Don’t Preach Microwaved Leftover Sermons

by Jared C. Wilson March 25, 2019

It is a common travail. The pastor has gotten to the end of his week without having had much time to focus on his sermon. He might have been thinking about his text, might have jotted a few things down, but the meat of his preparation and heat of his composition falls to the Saturday prior to preaching, perhaps even spilling into the wee hours of Sunday morning.

I know more than a few pastors—and overhear many more besides—who cite the busyness of their ministry lives as the reason sermon preparation gets crowded out week to week. They are left to “find” time to work on their message, taking snatches here and there as available, staying up after the family is in bed to work on it or pushing it into the days they (theoretically) have off. Therefore, their sermons are made up of leftover time and microwaved in short bursts—they preach on Sunday “microwaved leftover sermons.”

This should not be. Some thoughts:

1. The primary task of the pastor is preaching the Word.

We see from the establishing of the diaconate in Acts 6 that the labor emphasis for church elders is “the ministry of the word and prayer” (v.4), which they intend to “devote” themselves to. The first thing Paul charges Timothy with doing (in 2 Tim. 4:1-2) is the preaching of the word. Preaching and teaching is the primary work of the pastor and one reason why “able to teach” is one of the few distinguishing qualifications for the office of elder from the office of deacon. This does not mean, of course, that pastors should neglect other necessary work, especially the work of pastoral care and other leadership tasks. But it certainly means that:

2. The pastor’s weekly schedule should prioritize sermon preparation.

If sermon prep for you mainly comes when you find time, you need to do a radical reorganization of your calendar. If you prep on Saturday or over late nights simply because that’s the best time for your mental and spiritual energy, well then, I suppose you could carry on. If sermon prep comes on Saturdays because you are a bivocational pastor who must work another job Monday through Friday, there’s likely no alternative. But if you’re a full-time pastor doing sermon prep in the cracks of your week because other priorities have crowded it out, your week is upside down. Schedule your weekly ministry around your sermon prep, not the other way around.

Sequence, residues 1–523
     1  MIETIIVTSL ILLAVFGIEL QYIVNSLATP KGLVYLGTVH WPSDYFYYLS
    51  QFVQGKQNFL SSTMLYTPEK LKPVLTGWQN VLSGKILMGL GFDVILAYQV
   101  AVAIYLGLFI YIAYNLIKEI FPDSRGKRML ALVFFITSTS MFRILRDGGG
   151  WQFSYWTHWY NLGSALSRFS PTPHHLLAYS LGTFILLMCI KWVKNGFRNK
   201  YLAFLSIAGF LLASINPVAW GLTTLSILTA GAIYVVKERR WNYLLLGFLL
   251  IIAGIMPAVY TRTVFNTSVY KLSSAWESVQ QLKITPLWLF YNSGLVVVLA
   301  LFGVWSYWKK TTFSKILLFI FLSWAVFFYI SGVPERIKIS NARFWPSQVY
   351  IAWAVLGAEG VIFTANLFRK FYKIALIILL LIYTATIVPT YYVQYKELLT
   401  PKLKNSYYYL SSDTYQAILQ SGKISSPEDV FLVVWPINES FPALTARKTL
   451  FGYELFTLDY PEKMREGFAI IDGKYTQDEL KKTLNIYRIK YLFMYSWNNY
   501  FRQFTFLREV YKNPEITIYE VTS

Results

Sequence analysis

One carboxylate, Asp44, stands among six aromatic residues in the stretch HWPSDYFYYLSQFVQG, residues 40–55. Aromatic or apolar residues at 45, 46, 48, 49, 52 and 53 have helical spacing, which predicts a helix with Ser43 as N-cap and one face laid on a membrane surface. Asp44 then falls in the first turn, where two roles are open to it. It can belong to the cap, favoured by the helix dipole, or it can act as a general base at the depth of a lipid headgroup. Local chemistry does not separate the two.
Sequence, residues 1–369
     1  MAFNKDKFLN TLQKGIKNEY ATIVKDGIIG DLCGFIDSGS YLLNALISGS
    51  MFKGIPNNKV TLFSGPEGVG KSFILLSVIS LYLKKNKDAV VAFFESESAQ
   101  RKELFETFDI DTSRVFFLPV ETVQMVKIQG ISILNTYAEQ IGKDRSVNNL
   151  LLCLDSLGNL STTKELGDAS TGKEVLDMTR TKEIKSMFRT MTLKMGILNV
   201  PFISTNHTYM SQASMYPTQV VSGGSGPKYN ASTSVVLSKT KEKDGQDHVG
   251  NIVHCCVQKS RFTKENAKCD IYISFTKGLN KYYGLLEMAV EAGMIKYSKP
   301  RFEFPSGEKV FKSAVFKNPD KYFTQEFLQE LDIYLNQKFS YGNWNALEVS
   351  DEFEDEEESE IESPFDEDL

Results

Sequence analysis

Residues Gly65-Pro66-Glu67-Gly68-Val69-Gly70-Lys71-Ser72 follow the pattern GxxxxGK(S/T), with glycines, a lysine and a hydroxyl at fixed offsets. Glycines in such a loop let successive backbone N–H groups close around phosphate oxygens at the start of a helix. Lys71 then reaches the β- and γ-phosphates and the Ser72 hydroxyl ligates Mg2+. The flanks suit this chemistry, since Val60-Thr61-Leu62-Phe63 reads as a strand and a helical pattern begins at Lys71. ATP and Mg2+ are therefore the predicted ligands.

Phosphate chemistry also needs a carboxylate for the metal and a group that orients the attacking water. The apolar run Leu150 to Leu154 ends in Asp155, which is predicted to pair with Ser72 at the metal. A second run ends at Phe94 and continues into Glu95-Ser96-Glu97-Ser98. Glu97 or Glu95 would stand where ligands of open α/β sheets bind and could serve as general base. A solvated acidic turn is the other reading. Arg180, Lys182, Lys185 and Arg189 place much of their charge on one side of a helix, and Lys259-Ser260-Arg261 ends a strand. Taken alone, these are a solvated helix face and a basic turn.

If people don’t like that you have eaten up a whole day midweek to hole up in your study to read and write, remind them that they have hired you primarily to preach the Word. That God’s Word is precious and worthy of the investment. That ministry work is fundamentally “Word work,” and the Scriptures and God’s people are both worth concentrated, prioritized dedication to faithful preaching. Again, it’s a problem if you are holed up in your study all week to the neglect of “shepherding the flock of God among you” (1 Pet. 5:2), but the key thing a shepherd does is feed the sheep. Prioritize your sermon prep.

3. Slow cook the sermon but don’t overcook it.

Microwaved sermons are generally about as good as most microwaved foods. If you are working on your sermon only as you find time, the Word of God and its preaching are not receiving the care and devotional attention that makes the best preaching so rich and delicious. If you find only snatches of time to prep and then have to rush the whole thing to completion, it will show on Sunday morning. And yet there is such a thing as putting too much in and working on it too much. If you find that sermon prep is an uphill slog, and you’re unable to study and compose each week with time leftover to fulfill your other routine ministerial duties, it may be you need to refine your approach to preparation or even get some outside training or help with your preaching. Or it could be that you just need to stop trying to do everything in your sermon. The only thing worse than microwaved sermons are sermons that have cooked too long.

Some texts require more in-depth study than others, to be sure. Some texts are more complex and more demanding than others. But if you are finding that on average you need the bulk of your work week to finish every sermon, you may be overthinking it (at best) or not actually gifted to preach (at worst). Let’s assume the best-case scenario. Not every sermon needs to be an exhaustive dissertation on every possible implication of the passage at hand. This is especially true in smaller contexts where the main preaching pastor does not have the ability to delegate much else away to other pastors.

So don’t overdo it. Get some help if you need it. A measured, dedicated approach to sermon preparation will actually make it easier to prioritize the work each week and eventually provide you with a measure of rest each week besides. You don’t have to be ruled by the tyranny of the Sunday sermon deadline if you will take back control of your schedule and submit it to the biblical priorities for pastoral ministry.